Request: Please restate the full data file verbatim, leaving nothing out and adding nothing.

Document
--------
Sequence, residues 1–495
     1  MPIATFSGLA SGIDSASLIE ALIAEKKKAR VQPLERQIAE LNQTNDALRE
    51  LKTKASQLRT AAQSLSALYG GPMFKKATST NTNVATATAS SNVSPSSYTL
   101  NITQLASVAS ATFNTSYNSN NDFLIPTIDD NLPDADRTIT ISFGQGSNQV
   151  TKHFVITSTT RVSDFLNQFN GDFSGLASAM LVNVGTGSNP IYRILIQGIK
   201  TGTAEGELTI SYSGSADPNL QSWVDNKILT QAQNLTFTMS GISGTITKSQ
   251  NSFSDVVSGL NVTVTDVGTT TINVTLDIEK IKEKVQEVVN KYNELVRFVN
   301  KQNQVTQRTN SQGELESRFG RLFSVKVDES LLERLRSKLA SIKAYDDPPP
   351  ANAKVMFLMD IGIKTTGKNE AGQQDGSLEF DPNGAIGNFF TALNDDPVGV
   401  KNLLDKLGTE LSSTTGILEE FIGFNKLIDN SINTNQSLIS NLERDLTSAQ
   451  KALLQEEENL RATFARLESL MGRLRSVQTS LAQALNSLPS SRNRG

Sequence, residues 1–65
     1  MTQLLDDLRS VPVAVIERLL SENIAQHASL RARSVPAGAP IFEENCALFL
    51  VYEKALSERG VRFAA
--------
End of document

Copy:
Sequence, residues 1–495
     1  MPIATFSGLA SGIDSASLIE ALIAEKKKAR VQPLERQIAE LNQTNDALRE
    51  LKTKASQLRT AAQSLSALYG GPMFKKATST NTNVATATAS SNVSPSSYTL
   101  NITQLASVAS ATFNTSYNSN NDFLIPTIDD NLPDADRTIT ISFGQGSNQV
   151  TKHFVITSTT RVSDFLNQFN GDFSGLASAM LVNVGTGSNP IYRILIQGIK
   201  TGTAEGELTI SYSGSADPNL QSWVDNKILT QAQNLTFTMS GISGTITKSQ
   251  NSFSDVVSGL NVTVTDVGTT TINVTLDIEK IKEKVQEVVN KYNELVRFVN
   301  KQNQVTQRTN SQGELESRFG RLFSVKVDES LLERLRSKLA SIKAYDDPPP
   351  ANAKVMFLMD IGIKTTGKNE AGQQDGSLEF DPNGAIGNFF TALNDDPVGV
   401  KNLLDKLGTE LSSTTGILEE FIGFNKLIDN SINTNQSLIS NLERDLTSAQ
   451  KALLQEEENL RATFARLESL MGRLRSVQTS LAQALNSLPS SRNRG

Sequence, residues 1–65
     1  MTQLLDDLRS VPVAVIERLL SENIAQHASL RARSVPAGAP IFEENCALFL
    51  VYEKALSERG VRFAA